• Whole milk, raw and from grass-fed animals. Some people are drinking goat’s milk. In any case, you want it to be as clean as possible, and not skim milk and not 2%. Skim milk is like drinking Gatorade with the amount of sugar that’s in it. You have to go with full-fat.

The final category is meat and fish.

  • Red meat: steak, pot roast, beef
  • Fatty chili
  • Brats, sausage. You can go to a store and find all-lean brats and lean sausage. It’s dry, and it’s not very satisfying. You want to go with a higher fat brats and sausage. It has to make you happy.
  • Bacon. There’s turkey bacon, which has basically no fat, and then there’s regular bacon. If you’re going to eat bacon, you have to go with the full-fat bacon. This is to get your body into fat-burning mode; we’re trying to reduce the protein and the sugar.
  • Fats and organ meats from organic, grass-fed animals
  • Whole fish that’s fatty, like salmon. These fish swim deep in the ocean where it’s cold. Preferably the Atlantic Ocean, not the Pacific

At the very least, you want to get into ketosis a few days a year. If you’re in ketosis four days a year, you’ve turned off bad DNA, cancer DNA, heart disease, diabetes. If you’re an endurance athlete, you should be in ketosis 15 hours every day. It’s a gradient, depending on what you want to do.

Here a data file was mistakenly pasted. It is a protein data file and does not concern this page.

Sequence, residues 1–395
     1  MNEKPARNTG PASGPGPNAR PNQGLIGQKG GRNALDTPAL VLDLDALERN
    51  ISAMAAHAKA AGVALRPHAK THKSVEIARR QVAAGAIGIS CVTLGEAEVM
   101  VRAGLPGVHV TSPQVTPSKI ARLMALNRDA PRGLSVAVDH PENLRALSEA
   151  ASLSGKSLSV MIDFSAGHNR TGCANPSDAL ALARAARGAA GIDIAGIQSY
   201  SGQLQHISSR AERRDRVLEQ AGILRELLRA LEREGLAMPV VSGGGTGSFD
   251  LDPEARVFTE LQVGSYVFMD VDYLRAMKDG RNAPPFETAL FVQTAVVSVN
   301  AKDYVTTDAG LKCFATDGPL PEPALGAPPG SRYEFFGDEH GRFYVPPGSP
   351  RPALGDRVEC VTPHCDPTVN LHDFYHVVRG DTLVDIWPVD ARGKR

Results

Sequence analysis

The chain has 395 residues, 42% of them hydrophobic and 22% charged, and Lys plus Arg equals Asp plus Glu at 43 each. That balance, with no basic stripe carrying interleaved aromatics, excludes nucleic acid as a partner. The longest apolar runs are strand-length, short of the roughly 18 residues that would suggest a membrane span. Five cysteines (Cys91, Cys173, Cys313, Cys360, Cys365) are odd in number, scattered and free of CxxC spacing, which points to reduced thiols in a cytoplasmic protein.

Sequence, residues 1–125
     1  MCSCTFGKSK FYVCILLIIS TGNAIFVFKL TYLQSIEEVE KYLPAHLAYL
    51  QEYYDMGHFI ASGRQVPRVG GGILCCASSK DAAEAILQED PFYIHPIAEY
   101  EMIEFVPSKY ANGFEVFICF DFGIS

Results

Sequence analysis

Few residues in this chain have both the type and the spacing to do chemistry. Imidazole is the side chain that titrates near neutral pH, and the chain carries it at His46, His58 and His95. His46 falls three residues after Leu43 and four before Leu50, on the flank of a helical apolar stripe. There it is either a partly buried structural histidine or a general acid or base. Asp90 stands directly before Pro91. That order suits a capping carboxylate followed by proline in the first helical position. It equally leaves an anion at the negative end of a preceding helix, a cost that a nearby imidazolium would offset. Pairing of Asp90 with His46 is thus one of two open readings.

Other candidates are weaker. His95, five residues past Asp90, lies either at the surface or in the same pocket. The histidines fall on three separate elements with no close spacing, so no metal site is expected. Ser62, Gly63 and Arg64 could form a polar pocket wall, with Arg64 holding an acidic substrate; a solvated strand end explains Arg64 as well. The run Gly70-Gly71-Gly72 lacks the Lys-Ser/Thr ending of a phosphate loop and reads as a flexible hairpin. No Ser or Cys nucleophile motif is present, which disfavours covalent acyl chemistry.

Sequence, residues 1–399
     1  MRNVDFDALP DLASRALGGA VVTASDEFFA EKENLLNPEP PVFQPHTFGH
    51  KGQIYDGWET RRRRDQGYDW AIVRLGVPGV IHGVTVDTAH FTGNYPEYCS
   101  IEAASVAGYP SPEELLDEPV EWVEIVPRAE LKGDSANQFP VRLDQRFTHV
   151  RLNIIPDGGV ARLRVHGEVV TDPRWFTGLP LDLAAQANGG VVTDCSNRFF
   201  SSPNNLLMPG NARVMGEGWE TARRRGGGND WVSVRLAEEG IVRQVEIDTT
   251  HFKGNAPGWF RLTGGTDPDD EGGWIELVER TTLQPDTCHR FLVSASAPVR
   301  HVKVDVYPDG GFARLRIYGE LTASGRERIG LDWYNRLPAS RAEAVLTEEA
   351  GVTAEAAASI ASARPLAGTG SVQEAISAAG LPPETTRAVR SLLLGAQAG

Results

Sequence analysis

Start incorporating a healthy fat diet into your life!

Yours in Health,
Dr. Darren Schmidt

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Best Diet for Fatty Liver & Diabetes

Best Diet for Fatty Liver & Diabetes

There are two subjects that people have been talking about on YouTube: fatty liver and insulin resistance related to eating fat and ketosis. Two doctors that I watch, Dr. Greger and Dr. Berg, have talked about this, but I need to put in my two cents because there are some missing data. Let’s dive into the two topics and discover the best diet for fatty liver and diabetes.

1. Fatty liver

Dr. Greger says that chronic disease is fat deposited in the abdomen and in the organs of the abdomen, and I agree with that; that’s a true statement. His next statement, however, is that in order to prevent that, you have to go vegan, and that isn’t true. In fact, ketosis is better at cleaning up all that fat.